The circular knitting needle may seem like a specialty tool, but it could actually be the most useful needle in your knitting bag.
Sure, circular needles — two tapered needles connected by a flexible cord — are great for larger projects and knitting seamlessly in the round. But they're so much more than that — you can use them instead of straight needles in any project, and you can also use them instead of double-point needles with the help of magic loop .
Before you go trading in all your needles for circulars, it's important to understand cord lengths. The needle tips themselves follow the same rules as straight needles , but circulars come in a variety of cord lengths, too.
So, say a pattern calls for size 7 16-inch needles: That first number refers to the needle size (aka the size of the needle head), and the second one is the length of the needles from tip to tip.
Most patterns will tell you which cord length you need for your project, but if your'e going rogue, here's our handy guide to cord lengths.
The Key to Cord Lengths
Good for: really, really narrow projects, like baby hats, and sleeves.
This the shortest length you'll find — anything with a smaller circumference will need to be worked on double-points, because it just isn't possible for the needles on a shorter cord to even come together to work stitches.
Good for: small projects, knitting in the round
These needles are perfect when the project is just a bit too large to fit on double-pointed needles, including hats (for grown-ups and for kids), baby-sized sweaters and booties, and collars and sleeves on the sweaters you knit for grown-ups. Hat patterns will often ask you to use a 16-inch circular needle to work the brim, and then switch you over to double-pointed needles as the hat gets smaller at the crown.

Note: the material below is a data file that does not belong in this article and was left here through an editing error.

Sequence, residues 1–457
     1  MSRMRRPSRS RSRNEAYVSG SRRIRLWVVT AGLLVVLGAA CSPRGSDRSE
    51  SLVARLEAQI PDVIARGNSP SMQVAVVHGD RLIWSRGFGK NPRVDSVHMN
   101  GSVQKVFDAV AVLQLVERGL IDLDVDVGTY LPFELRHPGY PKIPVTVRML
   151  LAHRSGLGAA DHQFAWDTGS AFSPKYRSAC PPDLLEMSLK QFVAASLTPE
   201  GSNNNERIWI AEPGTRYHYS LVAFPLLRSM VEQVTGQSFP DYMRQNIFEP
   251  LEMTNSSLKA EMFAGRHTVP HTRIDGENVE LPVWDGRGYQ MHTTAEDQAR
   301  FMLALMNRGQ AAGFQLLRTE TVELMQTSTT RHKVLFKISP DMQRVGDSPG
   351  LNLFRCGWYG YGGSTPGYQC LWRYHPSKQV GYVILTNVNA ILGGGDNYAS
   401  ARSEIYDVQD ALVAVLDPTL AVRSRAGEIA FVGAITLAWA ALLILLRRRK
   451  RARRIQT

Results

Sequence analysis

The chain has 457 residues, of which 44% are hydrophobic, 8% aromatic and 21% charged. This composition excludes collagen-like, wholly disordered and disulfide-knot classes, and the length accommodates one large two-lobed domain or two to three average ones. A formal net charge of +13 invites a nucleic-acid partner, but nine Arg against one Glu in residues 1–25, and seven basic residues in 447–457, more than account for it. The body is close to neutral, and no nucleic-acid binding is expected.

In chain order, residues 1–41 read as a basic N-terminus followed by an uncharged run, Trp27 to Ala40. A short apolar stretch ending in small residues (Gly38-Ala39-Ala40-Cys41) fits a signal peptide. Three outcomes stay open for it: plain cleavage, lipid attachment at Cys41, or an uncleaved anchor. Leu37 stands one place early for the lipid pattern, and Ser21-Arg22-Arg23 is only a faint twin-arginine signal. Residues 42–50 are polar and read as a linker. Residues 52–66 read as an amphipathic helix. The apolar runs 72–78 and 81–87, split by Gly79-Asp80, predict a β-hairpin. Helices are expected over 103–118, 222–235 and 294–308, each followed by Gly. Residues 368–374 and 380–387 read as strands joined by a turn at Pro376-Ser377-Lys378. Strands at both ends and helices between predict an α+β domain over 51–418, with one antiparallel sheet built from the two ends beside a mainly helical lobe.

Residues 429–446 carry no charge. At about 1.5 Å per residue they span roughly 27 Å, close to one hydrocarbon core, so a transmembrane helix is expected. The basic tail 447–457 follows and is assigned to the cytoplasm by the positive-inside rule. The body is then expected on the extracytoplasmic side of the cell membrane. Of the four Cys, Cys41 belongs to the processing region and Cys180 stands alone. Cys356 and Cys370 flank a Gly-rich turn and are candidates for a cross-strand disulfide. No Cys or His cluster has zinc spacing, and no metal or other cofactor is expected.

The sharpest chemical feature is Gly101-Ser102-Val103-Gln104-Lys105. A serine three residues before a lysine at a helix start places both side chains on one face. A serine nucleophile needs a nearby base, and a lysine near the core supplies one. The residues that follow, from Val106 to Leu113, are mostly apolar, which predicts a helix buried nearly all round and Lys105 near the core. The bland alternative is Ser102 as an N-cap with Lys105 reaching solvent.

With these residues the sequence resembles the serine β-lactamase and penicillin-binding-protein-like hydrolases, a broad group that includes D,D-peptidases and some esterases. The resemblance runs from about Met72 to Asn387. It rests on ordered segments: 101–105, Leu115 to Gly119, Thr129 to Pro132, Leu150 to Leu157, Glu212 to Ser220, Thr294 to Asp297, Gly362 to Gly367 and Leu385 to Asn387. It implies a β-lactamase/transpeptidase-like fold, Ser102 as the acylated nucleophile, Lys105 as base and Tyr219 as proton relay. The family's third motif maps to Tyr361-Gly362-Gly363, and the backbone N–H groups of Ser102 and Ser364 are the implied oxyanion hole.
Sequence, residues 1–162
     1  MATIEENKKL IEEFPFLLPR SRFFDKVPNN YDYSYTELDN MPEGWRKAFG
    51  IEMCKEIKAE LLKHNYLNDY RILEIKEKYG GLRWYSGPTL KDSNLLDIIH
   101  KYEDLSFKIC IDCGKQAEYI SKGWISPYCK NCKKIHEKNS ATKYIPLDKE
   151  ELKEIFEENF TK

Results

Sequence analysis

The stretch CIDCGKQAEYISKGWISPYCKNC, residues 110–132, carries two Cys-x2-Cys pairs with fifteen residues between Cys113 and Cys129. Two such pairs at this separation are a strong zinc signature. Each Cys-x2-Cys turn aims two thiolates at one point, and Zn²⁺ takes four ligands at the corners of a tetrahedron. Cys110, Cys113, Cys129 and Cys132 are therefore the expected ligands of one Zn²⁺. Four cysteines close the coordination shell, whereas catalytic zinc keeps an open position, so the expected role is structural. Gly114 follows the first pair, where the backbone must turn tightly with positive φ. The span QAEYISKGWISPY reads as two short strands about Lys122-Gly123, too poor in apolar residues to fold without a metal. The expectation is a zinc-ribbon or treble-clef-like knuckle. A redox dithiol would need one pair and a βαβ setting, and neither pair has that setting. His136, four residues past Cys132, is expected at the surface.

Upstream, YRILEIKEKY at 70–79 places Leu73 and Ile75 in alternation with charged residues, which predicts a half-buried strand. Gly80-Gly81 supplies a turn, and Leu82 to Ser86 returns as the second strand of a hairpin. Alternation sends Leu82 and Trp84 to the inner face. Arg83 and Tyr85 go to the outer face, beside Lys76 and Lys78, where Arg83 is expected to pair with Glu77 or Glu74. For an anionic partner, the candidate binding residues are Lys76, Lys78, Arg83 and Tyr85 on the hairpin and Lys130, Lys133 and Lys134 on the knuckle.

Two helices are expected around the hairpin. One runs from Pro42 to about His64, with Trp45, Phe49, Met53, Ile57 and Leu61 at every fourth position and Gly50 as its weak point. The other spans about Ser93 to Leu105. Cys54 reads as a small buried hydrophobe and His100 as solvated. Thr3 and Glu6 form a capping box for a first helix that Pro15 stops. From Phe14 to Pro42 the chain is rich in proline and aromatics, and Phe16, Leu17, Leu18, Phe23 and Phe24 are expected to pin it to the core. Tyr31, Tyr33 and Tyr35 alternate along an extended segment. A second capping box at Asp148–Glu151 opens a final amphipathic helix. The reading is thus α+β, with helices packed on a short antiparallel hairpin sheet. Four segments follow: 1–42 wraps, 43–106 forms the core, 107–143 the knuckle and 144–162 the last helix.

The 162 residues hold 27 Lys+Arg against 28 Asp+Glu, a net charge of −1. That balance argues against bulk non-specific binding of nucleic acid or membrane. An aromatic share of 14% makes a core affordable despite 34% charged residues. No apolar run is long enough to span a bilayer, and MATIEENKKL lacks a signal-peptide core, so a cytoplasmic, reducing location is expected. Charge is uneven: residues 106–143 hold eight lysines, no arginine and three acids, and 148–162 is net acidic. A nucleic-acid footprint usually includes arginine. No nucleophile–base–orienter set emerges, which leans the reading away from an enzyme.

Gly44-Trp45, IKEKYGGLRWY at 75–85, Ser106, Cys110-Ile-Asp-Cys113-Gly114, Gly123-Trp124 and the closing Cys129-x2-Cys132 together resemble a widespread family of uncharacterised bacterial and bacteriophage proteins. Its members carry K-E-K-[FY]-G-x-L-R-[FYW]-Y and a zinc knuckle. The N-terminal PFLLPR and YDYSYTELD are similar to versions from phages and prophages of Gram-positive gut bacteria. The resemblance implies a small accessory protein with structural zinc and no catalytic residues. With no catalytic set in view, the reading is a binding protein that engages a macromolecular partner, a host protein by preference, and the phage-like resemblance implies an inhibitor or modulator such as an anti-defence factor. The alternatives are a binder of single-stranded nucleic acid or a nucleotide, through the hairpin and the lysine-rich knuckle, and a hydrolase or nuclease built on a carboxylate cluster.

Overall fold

Good for: most projects, especially sweaters
Good for: medium-sized projects knitted flat or in the round
The 29" needle can be used for things like baby blankets or cardigans that are large but not as big (or heavy) as a shawl or adult-sized blanket.
If you're knitting a sweater in the round, this is a solid choice for working the body.
Good for: heavy or large projects that will be knitted flat; small circumference projects knit with magic loop
Knitting something heavy like a shawl on straight needles can be a pain in the wrist — literally! That's when you break out the 36-inch circular needles. They put all the weight of the project onto the cord, allowing you to speed along as you knit, while the rest of the knitting is on your lap or on the table. Straight needles also have a limited amount of space on them, so casting on 340 stitches is probably impossible. Again, not so for 36-inch circular knitting needles.
This is also a great length if you want to try knitting a sleeve with the magic loop method instead of DPNs.
40 Inches and Up
Good for: knitting socks and sleeves two at a time, bed-size blankets
Circular needles also come in lengths of 40 and 47 inches, and even go longer than that.
As you can imagine, your collection of circular needles can get out of control pretty quickly — multiple needle sizes with multiple cord lengths can be a lot.
The solution? An interchangeable kit. They usually come with needle tips in a solid range of sizes that can be attached to different cord lengths. So, in one-handy kit, you've got a size 7 needle in at least three different cord lengths.